19 January 2014


From Behind Closed Doors: Art in the Spanish American Home, 1492–1898, an exhibition at the Brooklyn Museum that is promoted as "the first major exhibition in the United States to explore the private lives and interiors of Spain’s New World elite from 1492 through the nineteenth century, focusing on the house as a principal repository of fine and decorative art".
Doña Mariana Belsunse y Salasar is portrayed in her Lima home dressed in a brilliantly embroidered tobajilla (ankle-length gown). She stands at her dressing table before an arched entry that gives way to a manicured landscape and the grand archway of the Paseo de Aguas leading to the Plaza de Acho, Lima’s famed bullring founded by Doña Mariana and her husband. The sitter became a leading social figure and hostess of a salon frequented by the countess of Monteblanco and Montemar and others of the Creole and peninsular Spanish elite.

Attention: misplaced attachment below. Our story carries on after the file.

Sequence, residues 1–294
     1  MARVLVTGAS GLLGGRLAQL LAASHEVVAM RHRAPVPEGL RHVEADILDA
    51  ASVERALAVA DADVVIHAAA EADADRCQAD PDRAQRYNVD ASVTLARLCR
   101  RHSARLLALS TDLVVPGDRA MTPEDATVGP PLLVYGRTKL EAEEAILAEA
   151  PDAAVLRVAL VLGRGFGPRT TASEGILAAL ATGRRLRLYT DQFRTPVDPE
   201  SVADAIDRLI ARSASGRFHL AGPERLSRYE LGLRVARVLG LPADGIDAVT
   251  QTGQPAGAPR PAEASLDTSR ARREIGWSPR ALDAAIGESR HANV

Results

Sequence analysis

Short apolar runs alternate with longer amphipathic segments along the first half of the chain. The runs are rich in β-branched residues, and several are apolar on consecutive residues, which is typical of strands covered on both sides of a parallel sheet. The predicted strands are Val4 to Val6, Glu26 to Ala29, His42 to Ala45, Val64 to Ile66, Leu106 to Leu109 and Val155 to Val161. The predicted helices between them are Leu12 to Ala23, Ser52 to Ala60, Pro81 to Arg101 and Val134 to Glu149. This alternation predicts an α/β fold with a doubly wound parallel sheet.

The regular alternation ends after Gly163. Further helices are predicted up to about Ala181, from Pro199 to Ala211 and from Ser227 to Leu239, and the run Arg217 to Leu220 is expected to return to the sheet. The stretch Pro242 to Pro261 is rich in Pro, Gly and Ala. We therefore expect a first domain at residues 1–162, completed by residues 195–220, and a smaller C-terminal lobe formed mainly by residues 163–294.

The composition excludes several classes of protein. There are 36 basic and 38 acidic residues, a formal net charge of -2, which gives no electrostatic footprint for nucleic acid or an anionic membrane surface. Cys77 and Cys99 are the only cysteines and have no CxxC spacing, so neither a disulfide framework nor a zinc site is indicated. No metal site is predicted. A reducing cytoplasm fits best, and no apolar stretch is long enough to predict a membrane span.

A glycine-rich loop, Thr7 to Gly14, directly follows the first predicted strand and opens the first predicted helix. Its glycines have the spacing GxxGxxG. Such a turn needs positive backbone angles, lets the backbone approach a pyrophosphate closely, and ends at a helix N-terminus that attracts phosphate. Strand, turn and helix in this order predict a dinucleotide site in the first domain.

Doña Mariana was best known, however, as a central figure in one of Lima’s most notorious social scandals of the day. Her hand was initially promised to Hipólito de Landaburrú, many years her senior and allegedly “uglier than an excommunication.” This proposed marriage, famously unwanted and unconsummated, was avoided when Doña Mariana entered the convent. Reemerging from the cloister in 1755, after her fiancé had died, she married Hipólito’s wealthy nephew, Colonel Agustín de Landaburrú y Rivera, Lima’s alcalde (mayor).